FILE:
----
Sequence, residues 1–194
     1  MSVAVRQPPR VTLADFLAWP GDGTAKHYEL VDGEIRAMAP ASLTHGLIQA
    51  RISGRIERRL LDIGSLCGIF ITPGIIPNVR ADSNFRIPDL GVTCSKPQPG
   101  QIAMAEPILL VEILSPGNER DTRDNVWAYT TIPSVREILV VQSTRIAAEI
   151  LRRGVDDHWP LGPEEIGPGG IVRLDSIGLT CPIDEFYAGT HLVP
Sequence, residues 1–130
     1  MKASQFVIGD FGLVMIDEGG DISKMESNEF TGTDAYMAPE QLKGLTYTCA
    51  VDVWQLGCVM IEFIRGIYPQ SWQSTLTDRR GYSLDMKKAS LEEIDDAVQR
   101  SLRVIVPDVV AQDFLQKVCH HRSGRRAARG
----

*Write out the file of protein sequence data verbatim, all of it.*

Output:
Sequence, residues 1–194
     1  MSVAVRQPPR VTLADFLAWP GDGTAKHYEL VDGEIRAMAP ASLTHGLIQA
    51  RISGRIERRL LDIGSLCGIF ITPGIIPNVR ADSNFRIPDL GVTCSKPQPG
   101  QIAMAEPILL VEILSPGNER DTRDNVWAYT TIPSVREILV VQSTRIAAEI
   151  LRRGVDDHWP LGPEEIGPGG IVRLDSIGLT CPIDEFYAGT HLVP
Sequence, residues 1–130
     1  MKASQFVIGD FGLVMIDEGG DISKMESNEF TGTDAYMAPE QLKGLTYTCA
    51  VDVWQLGCVM IEFIRGIYPQ SWQSTLTDRR GYSLDMKKAS LEEIDDAVQR
   101  SLRVIVPDVV AQDFLQKVCH HRSGRRAARG